But I have a question - I planted a packet of decorative sunflowers under my birdfeeder because not much else will grow there - possibly all the sunflower shells are making the soil inhospitable? Anyway, my reasoning was that at least sunflowers will grow there so I went for it. They are growing like crazy, nearly 3ft. tall now but not branching yet. Since I'm growing them for flowers, I'd rather have more, smaller flowers than one big one on each plant. So is it ok to pinch out the growing tip to make them branch?
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Elaine

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Name: Keith
West Babylon, NY (Zone 7a)
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keithp2012
Sep 6, 2018 2:56 PM CST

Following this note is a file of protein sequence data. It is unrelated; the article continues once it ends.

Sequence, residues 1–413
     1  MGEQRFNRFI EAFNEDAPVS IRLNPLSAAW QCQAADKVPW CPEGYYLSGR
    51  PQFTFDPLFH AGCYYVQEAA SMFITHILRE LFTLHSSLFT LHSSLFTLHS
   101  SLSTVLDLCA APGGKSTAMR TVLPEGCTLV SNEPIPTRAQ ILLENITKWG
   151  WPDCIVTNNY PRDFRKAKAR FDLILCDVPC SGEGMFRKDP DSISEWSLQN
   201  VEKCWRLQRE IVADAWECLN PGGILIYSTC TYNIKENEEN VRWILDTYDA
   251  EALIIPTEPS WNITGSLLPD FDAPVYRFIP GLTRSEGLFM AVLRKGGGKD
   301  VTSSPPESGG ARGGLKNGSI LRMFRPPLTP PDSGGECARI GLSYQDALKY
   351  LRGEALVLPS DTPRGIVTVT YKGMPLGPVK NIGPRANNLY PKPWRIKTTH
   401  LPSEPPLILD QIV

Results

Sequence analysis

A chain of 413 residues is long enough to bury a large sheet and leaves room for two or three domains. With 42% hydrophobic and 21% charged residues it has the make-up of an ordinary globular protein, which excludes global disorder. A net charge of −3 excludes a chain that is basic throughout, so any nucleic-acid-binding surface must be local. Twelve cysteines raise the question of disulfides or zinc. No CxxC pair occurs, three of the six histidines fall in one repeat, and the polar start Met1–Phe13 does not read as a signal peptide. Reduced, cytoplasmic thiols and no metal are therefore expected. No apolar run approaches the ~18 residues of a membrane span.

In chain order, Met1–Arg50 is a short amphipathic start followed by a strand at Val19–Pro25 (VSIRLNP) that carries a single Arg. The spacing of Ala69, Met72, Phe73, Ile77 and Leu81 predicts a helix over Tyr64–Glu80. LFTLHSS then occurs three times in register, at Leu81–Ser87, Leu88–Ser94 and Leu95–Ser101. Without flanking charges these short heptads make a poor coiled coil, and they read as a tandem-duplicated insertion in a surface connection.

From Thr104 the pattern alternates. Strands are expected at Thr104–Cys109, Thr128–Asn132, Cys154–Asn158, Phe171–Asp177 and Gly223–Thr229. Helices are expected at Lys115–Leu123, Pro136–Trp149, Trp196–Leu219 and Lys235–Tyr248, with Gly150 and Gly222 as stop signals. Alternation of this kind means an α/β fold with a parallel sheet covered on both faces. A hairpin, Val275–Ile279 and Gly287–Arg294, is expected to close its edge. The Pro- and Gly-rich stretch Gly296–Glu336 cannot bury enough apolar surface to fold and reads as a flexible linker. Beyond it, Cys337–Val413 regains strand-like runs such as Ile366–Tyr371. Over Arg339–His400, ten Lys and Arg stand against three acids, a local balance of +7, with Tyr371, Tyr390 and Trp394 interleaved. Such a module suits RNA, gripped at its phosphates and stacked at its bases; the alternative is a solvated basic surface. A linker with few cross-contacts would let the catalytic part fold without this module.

I was wondering if it's pollenless, how do they sell seeds to produce the same color? A hybrid using other sunflower pollen should produce something different, yet these seeds are the same color. Is there perhaps a pollen version only breeders have that is the same variety just with pollen?
Name: Keith
West Babylon, NY (Zone 7a)
Zinnias Lover of wildlife (Black bear badge) Annuals Spiders! Hybridizer Garden Photography
Vegetable Grower Tomato Heads Native Plants and Wildflowers The WITWIT Badge Daylilies Dog Lover
keithp2012
Nov 25, 2018 11:39 PM CST
keithp2012 said:I was wondering if it's pollenless, how do they sell seeds to produce the same color? A hybrid using other sunflower pollen should produce something different, yet these seeds are the same color. Is there perhaps a pollen version only breeders have that is the same variety just with pollen?


Bumping this for help
Hampton, Virginia (Zone 8b)
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ShawnSteve
Dec 9, 2018 2:29 PM CST
Hi Natalie. Since you aren't getting much response...I will attempt to try. Have you ever had a 'seedless' watermelon, before? It works on a somewhat similar priinciple.. Except that sort of watermelon is a fruit, but it does need pollen exposure, on the female flower, yet only for it to produce the melon.